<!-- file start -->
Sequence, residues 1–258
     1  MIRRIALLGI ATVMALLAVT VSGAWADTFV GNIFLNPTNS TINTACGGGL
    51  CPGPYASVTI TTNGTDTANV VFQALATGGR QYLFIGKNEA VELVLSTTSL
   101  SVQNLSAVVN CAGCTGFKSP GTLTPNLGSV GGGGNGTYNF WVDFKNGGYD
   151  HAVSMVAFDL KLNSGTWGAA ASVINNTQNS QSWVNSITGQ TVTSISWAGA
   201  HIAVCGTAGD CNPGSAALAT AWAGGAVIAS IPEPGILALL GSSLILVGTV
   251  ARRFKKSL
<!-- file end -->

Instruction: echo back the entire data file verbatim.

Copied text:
Sequence, residues 1–258
     1  MIRRIALLGI ATVMALLAVT VSGAWADTFV GNIFLNPTNS TINTACGGGL
    51  CPGPYASVTI TTNGTDTANV VFQALATGGR QYLFIGKNEA VELVLSTTSL
   101  SVQNLSAVVN CAGCTGFKSP GTLTPNLGSV GGGGNGTYNF WVDFKNGGYD
   151  HAVSMVAFDL KLNSGTWGAA ASVINNTQNS QSWVNSITGQ TVTSISWAGA
   201  HIAVCGTAGD CNPGSAALAT AWAGGAVIAS IPEPGILALL GSSLILVGTV
   251  ARRFKKSL